Thomas young's double-slit experiment demonstrates the wave-like nature of light. As the light passes through two slits, the light propagating from each slit interferes with the light from the other slit. As the light spreads out and intersects itself, it interferes with itself, either constructively or destructively; this is how two sets of propagating waves or ripples behave in still water. When the peak of one wave meets the peak of another wave, they constructively interfere with each other and maintain the wave peak. However, when the peak of one wave meets with the trough or valley of another wave, the waves cancel each other out, and the water's surface goes flat. In the case of light propagating from two slits, the light waves cancel each other out and result in the interference pattern. The areas on the surface the light projects on are dark and lack light if the waves destructively interfere with each other.

After Thomas Young demonstrated light was wave-like, George Paget Thomson attempted a similar experiment using beams of electrons. Electrons, too, were discovered to be wave-like and created interference patterns.

This diagram shows how electrons fired through two slits also demonstrate wave-like properties and result in an interference pattern.

Schrodinger and Heisenberg developed their model of the atom, the Schrodinger model or modern cloud theory model after the electron was discovered to have wave-like properties.

Two more physicists named Erwin Schrodinger and Werner Heisenberg contributed further to the study of quantum mechanics or the nature of subatomic particles. Heisenberg, with other physicists, proposed that this strange probabilistic nature of quantum mechanics was not some momentary obstacle scientists faced before they could determine the true position and momentum of something like electrons. Instead, this non-deterministic nature was the way things behaved at the quantum level. Schrodinger eventually provided a wave equation for electrons which described how they propagate. Because electrons travel or propagate as waves, they don't have an exact position. Therefore, their position and momentum or speed cannot be determined at the same time. This position is known as Heisenberg's uncertainty principle which asserts some mathematical inequalities exist where there is a limit to the accuracy for determining and predicting pairs of physical quantities based on initial conditions. The accuracy in determining one aspect reduces the accuracy of determining another aspect; this is simply the nature of electrons; they are probabilistic functions and not deterministic particles.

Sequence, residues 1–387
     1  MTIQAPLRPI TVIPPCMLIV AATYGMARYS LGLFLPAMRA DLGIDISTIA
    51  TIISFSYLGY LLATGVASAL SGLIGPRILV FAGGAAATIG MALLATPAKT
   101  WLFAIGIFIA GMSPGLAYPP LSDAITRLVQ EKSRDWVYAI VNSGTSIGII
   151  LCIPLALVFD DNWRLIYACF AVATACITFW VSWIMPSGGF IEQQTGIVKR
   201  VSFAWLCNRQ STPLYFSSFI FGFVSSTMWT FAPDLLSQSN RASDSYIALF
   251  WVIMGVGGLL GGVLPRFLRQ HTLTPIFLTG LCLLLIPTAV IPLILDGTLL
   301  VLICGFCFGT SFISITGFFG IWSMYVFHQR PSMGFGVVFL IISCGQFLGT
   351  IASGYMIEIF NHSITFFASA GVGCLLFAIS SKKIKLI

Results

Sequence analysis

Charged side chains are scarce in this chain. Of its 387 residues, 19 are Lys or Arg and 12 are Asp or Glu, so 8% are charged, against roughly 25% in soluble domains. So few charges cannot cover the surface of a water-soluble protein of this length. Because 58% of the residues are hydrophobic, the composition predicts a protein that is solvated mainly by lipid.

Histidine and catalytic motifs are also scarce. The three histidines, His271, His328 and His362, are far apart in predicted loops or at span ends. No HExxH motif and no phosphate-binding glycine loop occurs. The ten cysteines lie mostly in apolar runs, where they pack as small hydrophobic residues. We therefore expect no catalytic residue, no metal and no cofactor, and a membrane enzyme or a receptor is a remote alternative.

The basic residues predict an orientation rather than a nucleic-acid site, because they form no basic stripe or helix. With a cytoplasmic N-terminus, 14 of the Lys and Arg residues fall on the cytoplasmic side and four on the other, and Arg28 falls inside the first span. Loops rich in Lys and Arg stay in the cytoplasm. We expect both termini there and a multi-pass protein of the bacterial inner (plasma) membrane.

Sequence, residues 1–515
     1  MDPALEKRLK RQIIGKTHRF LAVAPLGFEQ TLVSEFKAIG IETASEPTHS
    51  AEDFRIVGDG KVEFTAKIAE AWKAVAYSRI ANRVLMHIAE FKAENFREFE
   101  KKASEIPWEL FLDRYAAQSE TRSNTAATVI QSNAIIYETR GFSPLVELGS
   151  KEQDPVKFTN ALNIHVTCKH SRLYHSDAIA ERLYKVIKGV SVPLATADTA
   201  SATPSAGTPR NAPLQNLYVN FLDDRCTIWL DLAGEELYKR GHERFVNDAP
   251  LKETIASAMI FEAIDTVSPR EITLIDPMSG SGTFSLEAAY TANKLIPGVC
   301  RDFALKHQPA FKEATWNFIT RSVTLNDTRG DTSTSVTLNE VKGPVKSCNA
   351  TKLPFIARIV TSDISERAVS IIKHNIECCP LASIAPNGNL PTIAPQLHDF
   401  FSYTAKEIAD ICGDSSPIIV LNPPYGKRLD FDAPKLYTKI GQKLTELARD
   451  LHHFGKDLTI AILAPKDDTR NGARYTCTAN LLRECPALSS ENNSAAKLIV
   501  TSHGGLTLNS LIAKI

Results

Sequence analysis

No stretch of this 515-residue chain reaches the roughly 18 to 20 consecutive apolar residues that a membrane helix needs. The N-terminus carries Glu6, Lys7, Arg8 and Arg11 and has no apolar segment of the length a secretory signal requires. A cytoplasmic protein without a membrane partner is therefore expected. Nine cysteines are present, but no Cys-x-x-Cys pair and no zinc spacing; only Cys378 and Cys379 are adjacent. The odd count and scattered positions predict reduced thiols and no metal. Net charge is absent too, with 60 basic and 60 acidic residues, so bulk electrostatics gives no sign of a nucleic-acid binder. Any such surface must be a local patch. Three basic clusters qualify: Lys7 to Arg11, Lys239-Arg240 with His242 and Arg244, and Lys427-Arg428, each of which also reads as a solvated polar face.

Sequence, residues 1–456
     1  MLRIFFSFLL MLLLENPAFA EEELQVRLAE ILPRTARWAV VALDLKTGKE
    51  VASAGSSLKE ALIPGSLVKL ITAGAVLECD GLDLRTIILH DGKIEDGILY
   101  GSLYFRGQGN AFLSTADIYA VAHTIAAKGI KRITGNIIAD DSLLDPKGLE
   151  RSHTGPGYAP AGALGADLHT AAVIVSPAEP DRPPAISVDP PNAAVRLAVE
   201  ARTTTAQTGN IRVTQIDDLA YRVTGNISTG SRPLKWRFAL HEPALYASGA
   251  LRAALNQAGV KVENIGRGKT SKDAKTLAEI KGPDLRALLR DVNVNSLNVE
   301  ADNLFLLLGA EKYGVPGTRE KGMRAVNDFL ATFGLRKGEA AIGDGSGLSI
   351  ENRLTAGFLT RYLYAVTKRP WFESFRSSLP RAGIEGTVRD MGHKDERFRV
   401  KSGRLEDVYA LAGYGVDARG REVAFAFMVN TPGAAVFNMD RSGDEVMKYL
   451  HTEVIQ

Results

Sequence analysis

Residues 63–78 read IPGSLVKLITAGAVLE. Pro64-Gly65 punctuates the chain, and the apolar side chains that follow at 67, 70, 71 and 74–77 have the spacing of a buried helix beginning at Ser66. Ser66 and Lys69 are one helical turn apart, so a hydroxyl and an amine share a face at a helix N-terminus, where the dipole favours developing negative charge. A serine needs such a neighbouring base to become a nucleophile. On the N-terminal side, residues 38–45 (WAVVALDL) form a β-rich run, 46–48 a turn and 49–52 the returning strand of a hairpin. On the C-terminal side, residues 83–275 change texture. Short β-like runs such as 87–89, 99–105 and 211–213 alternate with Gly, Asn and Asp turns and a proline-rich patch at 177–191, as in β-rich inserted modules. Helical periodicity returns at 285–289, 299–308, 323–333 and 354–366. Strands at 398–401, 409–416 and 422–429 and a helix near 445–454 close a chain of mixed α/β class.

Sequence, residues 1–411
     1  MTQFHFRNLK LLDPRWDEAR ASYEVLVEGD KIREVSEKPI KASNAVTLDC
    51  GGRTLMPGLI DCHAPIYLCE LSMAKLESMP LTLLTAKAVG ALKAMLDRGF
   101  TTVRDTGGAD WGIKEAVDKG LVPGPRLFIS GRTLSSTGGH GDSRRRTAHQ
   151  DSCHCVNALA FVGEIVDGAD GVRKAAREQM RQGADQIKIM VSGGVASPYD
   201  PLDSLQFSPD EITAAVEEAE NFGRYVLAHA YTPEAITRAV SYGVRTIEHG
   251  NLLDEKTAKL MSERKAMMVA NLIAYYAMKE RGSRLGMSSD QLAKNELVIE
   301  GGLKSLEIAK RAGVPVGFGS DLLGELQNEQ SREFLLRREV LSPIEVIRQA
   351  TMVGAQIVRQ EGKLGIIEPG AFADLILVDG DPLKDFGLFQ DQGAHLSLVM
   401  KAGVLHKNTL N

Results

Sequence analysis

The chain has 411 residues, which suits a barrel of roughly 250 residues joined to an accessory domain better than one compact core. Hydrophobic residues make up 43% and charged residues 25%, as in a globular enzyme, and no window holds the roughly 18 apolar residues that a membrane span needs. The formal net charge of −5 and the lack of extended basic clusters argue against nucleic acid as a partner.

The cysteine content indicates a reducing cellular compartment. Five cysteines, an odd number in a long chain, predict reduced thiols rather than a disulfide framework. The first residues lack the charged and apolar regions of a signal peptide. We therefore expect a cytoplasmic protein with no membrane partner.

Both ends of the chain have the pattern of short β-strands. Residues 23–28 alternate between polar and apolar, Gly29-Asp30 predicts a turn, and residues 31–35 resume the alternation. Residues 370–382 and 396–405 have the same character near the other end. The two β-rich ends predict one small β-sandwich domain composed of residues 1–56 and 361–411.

Though this sounds confusing, it must be understood that the very nature of all human language is that it developed and evolved by being utilized to describe and explain things and phenomena at a macroscopic scale, or the familiar physical world observed in everyday life, and not the things in the quantum world. Therefore, though it seems counterintuitive for an electron to be in two places at once or interfere with itself, the quantum world is under no obligation to be intuitive and compatible with a macroscopic human language.

This diagram demonstrates the uncertainty principle. The more accurately one measures an electron position, the less accurate the momentum prediction becomes.

This diagram demonstrates Heisenberg Uncertainty Principle.

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Frequently Asked Questions

What is Schrödinger's atomic model?

The Erwin Schrödinger model of the atom is composed of the nucleus of the atom which contains protons and neutrons and is surrounded by an electron cloud. This is sometimes called the cloud model. Electrons exist in a "cloud" because they have a probabilistic nature and it is impossible to simultaneously know their position and their momentum.

Who proposed the modern atomic model?

The modern atomic model is the culmination of experiments and research done by a few scientists. Werner Heisenberg and Erwin Schrodinger are most credited for discovering the probabilistic nature of the electron and applying it to the model of the atom. They represented the atom as a nucleus with protons and neutrons, surrounded by a cloud of electrons.